This ownership also gives them a say in the activities of the company to the extent of shares held. So, shares facilitate interaction between the company & shareholders/investors.

We will get into tokens as funding sources for any project or initiative in the coming weeks.

As Currency

Photo by Pixabay: https://www.pexels.com/photo/rolled-20-u-s-dollar-bill-164527/

We need to first understand that paper money or coins are also tokens. Why? Because they provide access to economic resources or services. We have to pay money to buy something or get some service. Money can also represent assets or investments.

Where does the money come from? Money is issued by the Central Bank of a country. The amount of money in circulation (also known as M1 & M2) is determined based on various economic parameters & controlled by Central Bankers. Monetary policy is a set of tools used by Central Bankers to control the supply of money in an economy. Comparing tokens with money,

  1. A token should be issued by an entity like "private money". Money is issued by Central Banks

  2. It should have a platform where it "resides" or can be carried on. In the case of money, it is the economic & monetary system where the currency is issued.

  3. It should be meaningful for the platform or use case. Currency issued by a Central Bank is valid in the country of issue or other countries as a medium of exchange.

  4. It should have some value. Money is used as a store of value.

  5. There should be some asset or service that can be bought or sold with this token. We can buy or sell any asset or service in return for money (as a unit of account which in turn ties with its use as a store of value and medium of exchange).

We discussed above on miners being rewarded using tokens for creating blocks & validating transactions. The usage of tokens as payments for block creation or transaction fees is like using a currency in that ecosystem where payment is done through the underlying platform token (e.g., pay in Bitcoin or Ether).

A Blockchain platform has protocols governing token issuance just like Governments have monetary & fiscal policies governing currency issuance depending on economic factors. The algorithms behind those protocols determine the rate of issuance of these tokens. We will get into the economics of these algorithms later. For e.g.,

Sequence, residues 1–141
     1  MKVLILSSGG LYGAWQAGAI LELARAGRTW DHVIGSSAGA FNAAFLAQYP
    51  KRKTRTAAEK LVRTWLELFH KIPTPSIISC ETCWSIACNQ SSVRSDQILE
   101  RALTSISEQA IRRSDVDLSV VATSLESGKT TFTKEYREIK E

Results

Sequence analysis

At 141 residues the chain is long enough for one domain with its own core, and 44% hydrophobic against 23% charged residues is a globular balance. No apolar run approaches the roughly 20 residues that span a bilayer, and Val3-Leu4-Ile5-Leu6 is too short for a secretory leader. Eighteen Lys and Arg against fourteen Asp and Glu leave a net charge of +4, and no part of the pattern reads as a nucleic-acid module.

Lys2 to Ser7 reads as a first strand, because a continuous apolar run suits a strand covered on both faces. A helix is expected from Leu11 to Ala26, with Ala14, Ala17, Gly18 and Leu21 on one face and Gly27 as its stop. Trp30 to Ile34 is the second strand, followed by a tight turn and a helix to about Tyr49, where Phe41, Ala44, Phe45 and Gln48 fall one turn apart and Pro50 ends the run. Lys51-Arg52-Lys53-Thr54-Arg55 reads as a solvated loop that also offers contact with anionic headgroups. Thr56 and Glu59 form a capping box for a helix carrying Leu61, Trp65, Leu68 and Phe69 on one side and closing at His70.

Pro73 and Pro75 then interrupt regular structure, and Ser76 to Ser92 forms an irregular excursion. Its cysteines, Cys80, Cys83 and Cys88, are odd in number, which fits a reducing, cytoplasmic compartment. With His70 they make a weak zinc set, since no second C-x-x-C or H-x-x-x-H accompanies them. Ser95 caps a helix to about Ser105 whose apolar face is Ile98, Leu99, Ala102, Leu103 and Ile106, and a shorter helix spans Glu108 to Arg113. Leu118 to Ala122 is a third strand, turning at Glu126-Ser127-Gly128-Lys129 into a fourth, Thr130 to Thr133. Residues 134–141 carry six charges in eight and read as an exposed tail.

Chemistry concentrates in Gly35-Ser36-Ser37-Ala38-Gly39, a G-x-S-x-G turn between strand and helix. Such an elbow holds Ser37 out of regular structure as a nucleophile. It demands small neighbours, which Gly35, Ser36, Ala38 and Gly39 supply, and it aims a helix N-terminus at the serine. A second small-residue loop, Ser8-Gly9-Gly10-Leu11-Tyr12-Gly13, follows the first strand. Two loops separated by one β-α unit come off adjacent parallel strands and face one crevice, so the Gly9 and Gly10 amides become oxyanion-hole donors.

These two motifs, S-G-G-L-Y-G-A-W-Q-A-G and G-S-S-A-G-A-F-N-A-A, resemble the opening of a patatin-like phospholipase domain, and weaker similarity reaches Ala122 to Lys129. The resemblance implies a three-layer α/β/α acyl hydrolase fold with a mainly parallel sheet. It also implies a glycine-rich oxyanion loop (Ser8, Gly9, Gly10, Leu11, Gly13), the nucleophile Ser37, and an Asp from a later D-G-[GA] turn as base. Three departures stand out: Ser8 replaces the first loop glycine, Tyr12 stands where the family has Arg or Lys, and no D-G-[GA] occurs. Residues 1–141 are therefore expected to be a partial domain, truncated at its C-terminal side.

In Bitcoin Blockchain, the monetary policy is as below:

  1. Every day, transactions are initiated & approved in the Bitcoin Blockchain. The number of nodes & validators keeps changing daily as the entire platform is decentralized & open to anyone. So new nodes can join anytime or existing nodes can leave. To ensure consistency in the issuance of Bitcoin, the algorithm adjusts the difficulty of solving the Proof-Of-Work problem in a way that it increases depending on how quickly valid blocks are created (more new miner nodes). The difficulty decreases accordingly when the rate of creation of new blocks decreases (fewer miner nodes). Thus, there is a daily constraint in Bitcoin issuance.

  2. After the creation of every 210,000 blocks, the block reward drops by half. In other words, the rewards for mining Bitcoin are halved every 4 years thus decreasing the issuance algorithmically & through the difficulty adjustment ensuring consistency in decrease irrespective of the number of miners or blocks created. In the beginning, miners used to get 50 Bitcoins per block.

  3. The total number of Bitcoins which will be issued is 21 million by the year 2140.

Token Classification

Tokens can be classified based on multiple criteria. We will focus on some major ones:


Classification based on the source system where the token is issued :

  1. Protocol Tokens &

  2. Application Tokens


Classification based on token usage :

  1. Utility Tokens &

  2. Equity Tokens


Classification based on token fungibility

  1. Fungible Tokens &

  2. Non-Fungible Tokens


Classification based on transferability of tokens :

  1. Transferable

  2. Non-transferable

We will explore the above in detail next week.